For each path, once the PC of it is updated, the nodes on it should be updated as follows:
P A T H ( v sin k , v j , ) P A T H ( v sin k , v i , ) + v j  
Repeating the work in second phase until set U is empty, a spanning tree with the mobile sink as the root node can be generated.
The algorithm improves the efficiency of finding the optimal path. If the mobile sink calculates and selects the optimal path of each node directly, for each node, it needs to explore all the possible paths between them to determine which one has the maximum PC, which is inefficient and brings high delay. Furthermore, when the network density increases or the data collection scope expands, the number of the paths from a node to the mobile sink increases greatly, which could further decrease its efficiency.
Algorithm 2. The spanning tree algorithm
1. 
Input: an OCRG;
2. 
Output: a spanning tree with the mobile sink as the root node;
3. 
Add v sin k into set K;
4. 
Add the remaining nodes in the OCRG into set U;
5. 
for each node v i in set U do //  initialization
6. 
if ( v i is directly connected to v sin k )
7. 
P C p a t h ( v sin k , v i , ) = P v sin k v i ;   // P C p a t h ( v sin k , v i , ) is the PC of the path from v sin k to v i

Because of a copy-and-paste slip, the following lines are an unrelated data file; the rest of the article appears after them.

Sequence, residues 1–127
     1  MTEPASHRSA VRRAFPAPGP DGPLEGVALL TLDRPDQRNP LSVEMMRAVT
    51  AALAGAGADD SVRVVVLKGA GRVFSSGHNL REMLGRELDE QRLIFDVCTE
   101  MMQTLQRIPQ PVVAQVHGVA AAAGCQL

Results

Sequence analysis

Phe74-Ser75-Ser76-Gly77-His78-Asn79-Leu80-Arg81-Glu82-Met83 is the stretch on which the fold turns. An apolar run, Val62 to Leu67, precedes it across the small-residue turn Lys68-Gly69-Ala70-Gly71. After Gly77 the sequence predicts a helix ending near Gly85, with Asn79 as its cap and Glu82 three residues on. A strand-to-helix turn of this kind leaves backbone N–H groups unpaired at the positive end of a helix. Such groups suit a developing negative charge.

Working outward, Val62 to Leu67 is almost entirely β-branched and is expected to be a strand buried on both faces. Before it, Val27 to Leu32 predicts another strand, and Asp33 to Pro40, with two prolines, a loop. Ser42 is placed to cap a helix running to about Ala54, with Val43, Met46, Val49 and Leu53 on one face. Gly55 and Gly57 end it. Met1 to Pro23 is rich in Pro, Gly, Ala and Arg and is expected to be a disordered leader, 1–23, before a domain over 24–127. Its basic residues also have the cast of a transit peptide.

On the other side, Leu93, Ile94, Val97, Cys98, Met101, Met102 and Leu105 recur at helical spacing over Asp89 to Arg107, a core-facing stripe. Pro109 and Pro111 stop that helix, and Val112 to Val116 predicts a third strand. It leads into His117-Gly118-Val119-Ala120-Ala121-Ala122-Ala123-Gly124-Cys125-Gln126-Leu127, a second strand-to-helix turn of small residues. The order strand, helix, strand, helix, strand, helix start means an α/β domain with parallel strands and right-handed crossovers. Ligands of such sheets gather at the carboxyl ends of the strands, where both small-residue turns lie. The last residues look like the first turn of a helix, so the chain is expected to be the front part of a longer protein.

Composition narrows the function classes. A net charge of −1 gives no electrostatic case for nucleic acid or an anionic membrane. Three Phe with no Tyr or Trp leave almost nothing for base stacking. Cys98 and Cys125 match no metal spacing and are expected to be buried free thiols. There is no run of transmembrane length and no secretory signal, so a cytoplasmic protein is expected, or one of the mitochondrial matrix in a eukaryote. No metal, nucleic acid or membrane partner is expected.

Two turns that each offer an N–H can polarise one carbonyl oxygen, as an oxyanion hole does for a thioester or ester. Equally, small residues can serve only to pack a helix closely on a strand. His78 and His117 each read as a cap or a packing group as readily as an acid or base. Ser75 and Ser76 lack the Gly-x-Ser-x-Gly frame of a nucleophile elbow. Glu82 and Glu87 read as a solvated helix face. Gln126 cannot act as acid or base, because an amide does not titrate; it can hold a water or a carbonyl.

8. 
P A T H ( v sin k , v i , ) = { v sin k , v i }; // P A T H ( v sin k , v i , ) is used to store the nodes on the path from v sin k to v i
9. 
else
10. 
P C p a t h ( v sin k , v i , ) = 0;
11. 
P A T H ( v sin k , v i , ) = ∅;
12. 
end if
13. 
end for
14. 
P C p a t h ( v sin k , v sin k , ) = 1;    // set the PC of the path from v sin k to v sin k is 1
15. 
while (set U is not empty)
16. 
Select the node v i with max P C p a t h ( v sin k , v i , ) from set U;
17. 
Transfer v i from set U to set K;
18. 
for each neighbor v j of v i do    // v j is still in set U
19. 
temp ← P C p a t h ( v sin k , v i , ) × P v i v j ;
20. 
if (temp > P C p a t h ( v sin k , v j , ) )
21. 
P C p a t h ( v sin k , v j , ) ← temp;  // update the PC of the path from v sin k to v j
22. 
P A T H ( v sin k , v j , ) P A T H ( v sin k , v i , ) + v j ; // update the nodes on the path from v sin k to v j
23. 
end if
24. 
end for
25. 
end while